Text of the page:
#101 dimer and homodimer

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Nick Juty
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5
2014-01-09
2014-01-09
Nick Juty
No

It would be useful to have some commonly encountered entity composition terms such as dimer, homodimer, trimer etc., for BioModels annotation purposes.

Discussion

  • Nick Juty
    Nick Juty
    2014-01-09

    created sbo:0000607 and 608 (dimer/homodimer respectively) under macromolecular complex (sbo:0000296). Other can be added as necessary (trimer. tetramer, oligomer, etc).

     
  • ChEBI has polymer: purl.obolibrary.org/obo/CHEBI_60027

     
    • Dimer, homodimer, trimer etc. are not polymers. I do not know who curated this ChEBI entry, but it is very odd. The definition corresponds to "multimer" or "oligomer" not "polymer". The Wikipedia entries displayed is correct though! See http://en.wikipedia.org/wiki/Multimer for what Nick is looking for.

       
  • Nick Juty
    Nick Juty
    2014-01-09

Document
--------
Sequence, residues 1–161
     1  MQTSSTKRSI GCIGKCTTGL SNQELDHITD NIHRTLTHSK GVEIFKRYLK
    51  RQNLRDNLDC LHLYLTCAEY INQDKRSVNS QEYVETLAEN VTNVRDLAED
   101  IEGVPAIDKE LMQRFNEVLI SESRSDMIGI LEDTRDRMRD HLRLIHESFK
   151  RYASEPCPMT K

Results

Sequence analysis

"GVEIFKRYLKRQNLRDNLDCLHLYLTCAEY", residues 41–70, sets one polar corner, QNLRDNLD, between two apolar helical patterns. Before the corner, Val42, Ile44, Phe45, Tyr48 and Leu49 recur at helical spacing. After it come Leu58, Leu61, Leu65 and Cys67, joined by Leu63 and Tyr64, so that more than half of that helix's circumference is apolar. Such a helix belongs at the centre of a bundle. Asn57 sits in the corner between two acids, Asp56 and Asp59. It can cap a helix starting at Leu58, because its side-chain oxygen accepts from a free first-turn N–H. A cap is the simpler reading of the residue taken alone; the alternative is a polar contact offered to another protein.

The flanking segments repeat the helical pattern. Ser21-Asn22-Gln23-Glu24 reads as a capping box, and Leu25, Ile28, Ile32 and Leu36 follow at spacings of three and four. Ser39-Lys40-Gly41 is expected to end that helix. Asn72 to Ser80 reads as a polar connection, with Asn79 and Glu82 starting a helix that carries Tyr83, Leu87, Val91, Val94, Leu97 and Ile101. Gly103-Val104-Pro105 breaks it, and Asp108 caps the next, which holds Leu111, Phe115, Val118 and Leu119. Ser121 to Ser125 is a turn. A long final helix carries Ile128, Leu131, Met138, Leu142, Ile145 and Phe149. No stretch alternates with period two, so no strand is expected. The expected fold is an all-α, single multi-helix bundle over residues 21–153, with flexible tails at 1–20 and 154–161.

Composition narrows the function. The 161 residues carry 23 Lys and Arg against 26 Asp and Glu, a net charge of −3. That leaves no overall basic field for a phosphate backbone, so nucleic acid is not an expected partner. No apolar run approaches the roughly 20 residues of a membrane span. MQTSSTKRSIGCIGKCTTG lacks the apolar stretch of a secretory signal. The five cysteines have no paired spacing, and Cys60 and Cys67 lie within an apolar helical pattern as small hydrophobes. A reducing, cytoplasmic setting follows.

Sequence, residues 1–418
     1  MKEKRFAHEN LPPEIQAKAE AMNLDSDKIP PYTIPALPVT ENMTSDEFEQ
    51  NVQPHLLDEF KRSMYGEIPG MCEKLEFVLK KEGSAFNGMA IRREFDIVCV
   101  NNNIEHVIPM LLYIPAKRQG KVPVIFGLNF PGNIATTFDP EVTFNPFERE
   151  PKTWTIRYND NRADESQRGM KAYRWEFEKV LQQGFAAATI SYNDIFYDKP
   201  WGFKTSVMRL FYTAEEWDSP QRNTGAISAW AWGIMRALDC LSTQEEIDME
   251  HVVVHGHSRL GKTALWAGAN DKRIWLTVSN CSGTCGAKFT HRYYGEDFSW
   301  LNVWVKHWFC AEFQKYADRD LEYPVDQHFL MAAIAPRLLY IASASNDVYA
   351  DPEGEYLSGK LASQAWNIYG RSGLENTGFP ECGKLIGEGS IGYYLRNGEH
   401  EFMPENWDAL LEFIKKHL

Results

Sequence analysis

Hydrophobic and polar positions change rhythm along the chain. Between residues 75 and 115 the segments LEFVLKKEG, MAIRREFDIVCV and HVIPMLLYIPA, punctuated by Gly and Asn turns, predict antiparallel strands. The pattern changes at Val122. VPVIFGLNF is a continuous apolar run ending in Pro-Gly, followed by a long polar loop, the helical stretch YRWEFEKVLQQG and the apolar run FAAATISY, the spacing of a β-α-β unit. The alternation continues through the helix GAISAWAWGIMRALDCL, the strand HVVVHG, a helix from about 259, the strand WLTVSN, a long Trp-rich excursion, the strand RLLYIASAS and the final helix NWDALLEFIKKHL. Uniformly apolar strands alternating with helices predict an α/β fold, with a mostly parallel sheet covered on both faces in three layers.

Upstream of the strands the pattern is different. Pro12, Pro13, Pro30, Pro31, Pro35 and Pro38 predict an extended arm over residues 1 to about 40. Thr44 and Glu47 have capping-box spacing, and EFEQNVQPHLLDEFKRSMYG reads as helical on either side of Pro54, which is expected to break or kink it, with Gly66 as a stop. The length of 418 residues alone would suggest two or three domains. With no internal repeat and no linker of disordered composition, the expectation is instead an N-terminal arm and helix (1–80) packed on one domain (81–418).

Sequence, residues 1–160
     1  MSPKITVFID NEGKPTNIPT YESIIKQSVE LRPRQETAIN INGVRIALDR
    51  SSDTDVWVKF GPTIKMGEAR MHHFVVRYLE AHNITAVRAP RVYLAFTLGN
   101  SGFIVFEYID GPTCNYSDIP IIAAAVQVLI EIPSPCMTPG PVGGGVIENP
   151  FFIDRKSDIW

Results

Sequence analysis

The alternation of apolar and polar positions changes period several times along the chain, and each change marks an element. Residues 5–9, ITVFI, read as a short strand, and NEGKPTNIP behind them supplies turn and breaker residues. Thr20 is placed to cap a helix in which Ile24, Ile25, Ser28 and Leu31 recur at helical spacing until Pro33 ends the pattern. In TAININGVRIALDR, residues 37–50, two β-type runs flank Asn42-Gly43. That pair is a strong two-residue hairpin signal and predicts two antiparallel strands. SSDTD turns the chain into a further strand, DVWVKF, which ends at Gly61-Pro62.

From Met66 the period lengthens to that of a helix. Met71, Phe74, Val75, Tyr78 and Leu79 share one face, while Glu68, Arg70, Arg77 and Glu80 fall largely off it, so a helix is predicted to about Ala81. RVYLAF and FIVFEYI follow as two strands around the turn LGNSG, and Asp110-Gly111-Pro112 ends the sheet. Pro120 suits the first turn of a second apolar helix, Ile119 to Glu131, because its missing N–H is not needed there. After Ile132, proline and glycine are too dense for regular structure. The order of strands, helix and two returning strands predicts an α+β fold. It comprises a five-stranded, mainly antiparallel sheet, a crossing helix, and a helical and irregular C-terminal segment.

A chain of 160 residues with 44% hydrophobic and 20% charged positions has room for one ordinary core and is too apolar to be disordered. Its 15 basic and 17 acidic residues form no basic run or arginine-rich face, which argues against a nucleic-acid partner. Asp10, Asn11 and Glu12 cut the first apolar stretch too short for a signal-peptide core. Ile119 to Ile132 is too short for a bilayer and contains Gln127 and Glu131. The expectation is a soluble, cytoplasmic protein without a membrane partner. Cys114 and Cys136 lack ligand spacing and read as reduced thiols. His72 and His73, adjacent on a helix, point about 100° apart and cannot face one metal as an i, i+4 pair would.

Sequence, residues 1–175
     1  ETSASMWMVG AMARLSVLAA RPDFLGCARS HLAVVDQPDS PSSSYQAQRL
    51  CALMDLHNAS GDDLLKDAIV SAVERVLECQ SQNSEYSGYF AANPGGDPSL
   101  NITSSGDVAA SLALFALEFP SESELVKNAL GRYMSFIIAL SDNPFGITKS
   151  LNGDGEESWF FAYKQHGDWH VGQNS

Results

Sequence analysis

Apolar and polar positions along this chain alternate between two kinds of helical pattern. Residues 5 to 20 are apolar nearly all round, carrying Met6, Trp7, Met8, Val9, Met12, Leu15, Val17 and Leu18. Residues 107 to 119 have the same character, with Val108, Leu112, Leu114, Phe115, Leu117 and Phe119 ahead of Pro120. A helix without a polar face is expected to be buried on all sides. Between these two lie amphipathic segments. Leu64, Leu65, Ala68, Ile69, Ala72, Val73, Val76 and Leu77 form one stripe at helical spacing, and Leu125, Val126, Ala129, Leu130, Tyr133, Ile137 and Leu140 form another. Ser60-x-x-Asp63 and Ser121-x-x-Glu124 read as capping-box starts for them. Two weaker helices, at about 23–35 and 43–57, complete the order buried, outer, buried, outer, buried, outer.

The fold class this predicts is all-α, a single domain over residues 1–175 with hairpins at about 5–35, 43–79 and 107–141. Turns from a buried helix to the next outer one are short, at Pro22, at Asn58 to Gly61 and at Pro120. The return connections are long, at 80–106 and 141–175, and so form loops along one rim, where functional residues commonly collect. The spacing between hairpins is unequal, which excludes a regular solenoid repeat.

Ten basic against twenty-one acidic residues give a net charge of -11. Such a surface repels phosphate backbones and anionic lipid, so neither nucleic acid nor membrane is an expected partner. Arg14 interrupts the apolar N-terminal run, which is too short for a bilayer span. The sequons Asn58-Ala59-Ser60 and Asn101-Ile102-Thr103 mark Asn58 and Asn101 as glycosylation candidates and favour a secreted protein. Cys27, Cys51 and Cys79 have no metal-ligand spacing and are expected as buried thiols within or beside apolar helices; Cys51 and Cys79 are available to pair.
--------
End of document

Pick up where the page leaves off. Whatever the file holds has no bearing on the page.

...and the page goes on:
I did have a search around but did not find anything to use for homodimer for example. I haven't created more than I needed right now, and of course i will cross reference if I do find something down the line.

     
  • Based on my reading of wikipedia:
    - oligomers (or multimers) are macromolecular complexes composed of only a few monomers (up to 4?)
    - polymers are macromolecular complexes composed of more than 4 monomers

    Is that correct? Is that "4" limit specified somewhere - i.e., is a pentamer an oligomer or a multimer?

    Nicolas, would you mind submitting a ticket to ChEBI, https://sourceforge.net/p/chebi/curator-requests/?

     
    • No, the difference is not in the number of units, but their linkage. A polymer is a covalently bound set of identical units. The units react to provide the polymer and they actually disappear. Contrarily to what we abusively say, a polypeptide is not "made up of amino-acids", because the amines and acids have been consumed in the polymerisation.
      In biochemistry, a multimer is a non-covalent assembly of subunits. The subunits are generally not modified chemically by the assembly (well there are the disufide bonds ...)
      While the wikipedia page on polymer is clear, the one on oligomer is not very good. Something to do there.